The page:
“It is well established that building or zoning laws are not encumbrances or defects affecting title to property․ Such restrictions are concerned with the use of the land․ There is a difference between economic lack of marketability, which concerns conditions that affect the use of land, and title marketability, which relates to defects affecting legally recognized rights and incidents of ownership․ An individual can hold clear title to a parcel of land, although the same parcel is valueless or considered economically unmarketable because of some restriction or regulation on its use.” Somerset Sav. Bank v. Chicago Title Ins. Co., 420 Mass. 422, 428, 649 N.E.2d 1123 (1995). Accordingly, we hold that the OOC, which is a regulation of the use of the plaintiffs' property, “is not a defect in or lien or encumbrance on the title and that it does not constitute unmarketability of title.” Chicago Title Ins. Co. v. Kumar, 24 Mass.App.Ct. 53, 56, 506 N.E.2d 154 (1987).8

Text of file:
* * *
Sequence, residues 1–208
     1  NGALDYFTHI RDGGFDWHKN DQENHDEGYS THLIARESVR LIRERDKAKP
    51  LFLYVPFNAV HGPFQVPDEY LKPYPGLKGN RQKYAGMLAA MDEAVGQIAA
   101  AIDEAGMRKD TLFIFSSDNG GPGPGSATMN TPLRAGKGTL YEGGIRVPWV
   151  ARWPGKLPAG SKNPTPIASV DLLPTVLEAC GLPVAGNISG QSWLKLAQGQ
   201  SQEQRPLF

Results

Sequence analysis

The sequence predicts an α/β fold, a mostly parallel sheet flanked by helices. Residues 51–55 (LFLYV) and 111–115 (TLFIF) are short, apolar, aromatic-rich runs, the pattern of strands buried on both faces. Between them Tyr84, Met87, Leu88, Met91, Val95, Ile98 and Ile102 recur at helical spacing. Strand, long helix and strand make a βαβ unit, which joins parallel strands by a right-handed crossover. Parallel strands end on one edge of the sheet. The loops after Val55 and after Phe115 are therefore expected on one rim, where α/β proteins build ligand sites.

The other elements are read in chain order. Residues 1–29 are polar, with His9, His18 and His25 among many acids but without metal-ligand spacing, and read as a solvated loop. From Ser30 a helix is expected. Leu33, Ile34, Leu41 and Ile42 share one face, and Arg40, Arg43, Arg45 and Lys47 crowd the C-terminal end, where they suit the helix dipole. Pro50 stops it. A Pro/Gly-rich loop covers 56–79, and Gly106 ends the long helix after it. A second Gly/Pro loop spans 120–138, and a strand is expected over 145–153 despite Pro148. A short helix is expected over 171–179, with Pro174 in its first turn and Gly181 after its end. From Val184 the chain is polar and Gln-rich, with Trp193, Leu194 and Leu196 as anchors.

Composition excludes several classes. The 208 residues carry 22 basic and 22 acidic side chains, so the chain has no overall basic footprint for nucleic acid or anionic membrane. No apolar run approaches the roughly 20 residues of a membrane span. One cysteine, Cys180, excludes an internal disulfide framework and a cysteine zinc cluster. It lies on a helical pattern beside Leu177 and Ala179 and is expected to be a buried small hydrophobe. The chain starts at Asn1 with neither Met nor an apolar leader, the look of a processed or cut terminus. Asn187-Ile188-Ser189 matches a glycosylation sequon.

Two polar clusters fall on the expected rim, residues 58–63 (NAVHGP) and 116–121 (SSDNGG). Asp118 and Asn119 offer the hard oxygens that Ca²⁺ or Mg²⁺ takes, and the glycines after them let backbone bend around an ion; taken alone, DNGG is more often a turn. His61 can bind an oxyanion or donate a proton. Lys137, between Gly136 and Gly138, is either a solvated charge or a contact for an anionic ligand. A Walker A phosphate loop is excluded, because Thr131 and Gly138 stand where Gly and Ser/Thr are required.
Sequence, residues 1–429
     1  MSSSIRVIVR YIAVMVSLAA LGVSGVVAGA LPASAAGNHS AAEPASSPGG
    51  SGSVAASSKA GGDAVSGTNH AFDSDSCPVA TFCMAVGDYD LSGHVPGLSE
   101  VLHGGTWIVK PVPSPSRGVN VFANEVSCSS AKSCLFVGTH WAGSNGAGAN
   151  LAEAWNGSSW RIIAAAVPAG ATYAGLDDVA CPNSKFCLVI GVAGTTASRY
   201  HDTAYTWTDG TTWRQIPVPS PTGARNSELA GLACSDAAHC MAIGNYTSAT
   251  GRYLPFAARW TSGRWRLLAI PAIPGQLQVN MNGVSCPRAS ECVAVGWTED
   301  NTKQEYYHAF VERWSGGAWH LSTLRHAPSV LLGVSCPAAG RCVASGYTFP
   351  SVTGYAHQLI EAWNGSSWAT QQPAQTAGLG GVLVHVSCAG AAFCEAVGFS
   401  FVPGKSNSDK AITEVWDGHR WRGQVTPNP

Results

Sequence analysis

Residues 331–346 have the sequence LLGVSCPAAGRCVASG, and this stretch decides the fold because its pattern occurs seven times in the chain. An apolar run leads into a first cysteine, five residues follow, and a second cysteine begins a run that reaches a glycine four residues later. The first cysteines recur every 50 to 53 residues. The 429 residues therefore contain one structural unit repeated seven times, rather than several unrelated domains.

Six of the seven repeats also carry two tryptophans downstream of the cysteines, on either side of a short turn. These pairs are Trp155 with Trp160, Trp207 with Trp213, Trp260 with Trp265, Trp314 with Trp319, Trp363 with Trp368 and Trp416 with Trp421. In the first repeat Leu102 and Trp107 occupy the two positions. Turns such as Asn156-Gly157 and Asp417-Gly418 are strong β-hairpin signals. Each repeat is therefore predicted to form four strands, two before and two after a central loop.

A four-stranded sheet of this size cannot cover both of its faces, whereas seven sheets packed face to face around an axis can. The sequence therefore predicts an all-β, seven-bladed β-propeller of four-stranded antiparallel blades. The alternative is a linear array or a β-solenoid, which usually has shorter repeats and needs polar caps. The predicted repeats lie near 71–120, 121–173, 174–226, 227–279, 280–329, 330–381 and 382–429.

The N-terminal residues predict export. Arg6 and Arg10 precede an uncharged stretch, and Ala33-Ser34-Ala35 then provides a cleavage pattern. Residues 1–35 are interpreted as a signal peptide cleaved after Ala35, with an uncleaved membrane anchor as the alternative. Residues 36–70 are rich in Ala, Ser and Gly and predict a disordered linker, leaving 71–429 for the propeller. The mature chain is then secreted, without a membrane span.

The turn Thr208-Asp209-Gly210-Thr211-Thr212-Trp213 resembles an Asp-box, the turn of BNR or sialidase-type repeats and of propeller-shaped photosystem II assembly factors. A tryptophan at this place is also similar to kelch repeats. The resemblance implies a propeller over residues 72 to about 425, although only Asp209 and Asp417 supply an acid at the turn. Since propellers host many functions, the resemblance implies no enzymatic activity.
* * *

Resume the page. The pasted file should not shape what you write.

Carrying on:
Conclusion. For the reasons set forth above, we answer the first reported question, “No.” The OOC, with unsatisfied conditions, has no effect on the marketability of the title, nor did it create a defect, lien, or encumbrance on the title. Our discussion resolves the basic issues of the case as presented to us, and we need not answer directly the remaining reported questions.9 See McStowe v. Bornstein, 377 Mass. 804, 805 n. 2, 388 N.E.2d 674 (1979); Commonwealth v. Markvart, 437 Mass. 331, 333, 771 N.E.2d 778 (2002); Spellman v. Shawmut Woodworking & Supply, Inc., 445 Mass. 675, 679, 840 N.E.2d 47 (2006). The matter is remanded to the Superior Court for entry of judgment for Duffy.

So ordered.